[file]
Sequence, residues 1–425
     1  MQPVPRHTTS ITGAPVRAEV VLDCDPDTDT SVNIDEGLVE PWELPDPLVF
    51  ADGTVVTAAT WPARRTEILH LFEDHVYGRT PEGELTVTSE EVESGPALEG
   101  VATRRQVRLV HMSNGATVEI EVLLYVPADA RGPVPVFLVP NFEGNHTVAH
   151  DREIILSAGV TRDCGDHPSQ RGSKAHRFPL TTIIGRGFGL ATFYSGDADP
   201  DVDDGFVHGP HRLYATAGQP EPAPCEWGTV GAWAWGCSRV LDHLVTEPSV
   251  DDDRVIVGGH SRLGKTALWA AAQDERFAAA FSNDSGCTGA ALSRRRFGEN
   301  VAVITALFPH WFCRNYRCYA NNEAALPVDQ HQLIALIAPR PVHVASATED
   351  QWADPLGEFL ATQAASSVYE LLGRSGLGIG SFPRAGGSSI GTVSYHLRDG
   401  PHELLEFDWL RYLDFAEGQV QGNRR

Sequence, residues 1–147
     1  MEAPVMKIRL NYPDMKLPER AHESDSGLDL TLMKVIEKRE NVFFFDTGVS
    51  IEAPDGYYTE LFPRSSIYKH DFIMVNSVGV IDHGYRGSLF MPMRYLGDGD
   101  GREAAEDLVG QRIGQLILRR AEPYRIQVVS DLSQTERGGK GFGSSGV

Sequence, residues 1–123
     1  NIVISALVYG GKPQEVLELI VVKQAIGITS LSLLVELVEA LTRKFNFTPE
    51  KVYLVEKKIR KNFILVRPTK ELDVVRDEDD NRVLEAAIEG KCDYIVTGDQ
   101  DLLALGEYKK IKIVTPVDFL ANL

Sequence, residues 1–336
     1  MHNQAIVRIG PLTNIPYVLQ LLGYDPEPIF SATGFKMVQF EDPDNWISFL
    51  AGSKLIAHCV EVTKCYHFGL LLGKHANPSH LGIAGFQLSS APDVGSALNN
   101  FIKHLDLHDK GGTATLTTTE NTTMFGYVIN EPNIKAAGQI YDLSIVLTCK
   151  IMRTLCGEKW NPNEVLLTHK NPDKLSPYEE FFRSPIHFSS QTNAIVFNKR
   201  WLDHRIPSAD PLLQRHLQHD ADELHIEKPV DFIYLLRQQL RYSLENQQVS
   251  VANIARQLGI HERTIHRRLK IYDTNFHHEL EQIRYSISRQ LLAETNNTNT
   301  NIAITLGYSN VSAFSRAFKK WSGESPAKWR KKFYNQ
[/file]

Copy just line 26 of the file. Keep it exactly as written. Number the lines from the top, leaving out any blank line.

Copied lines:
   301  NIAITLGYSN VSAFSRAFKK WSGESPAKWR KKFYNQ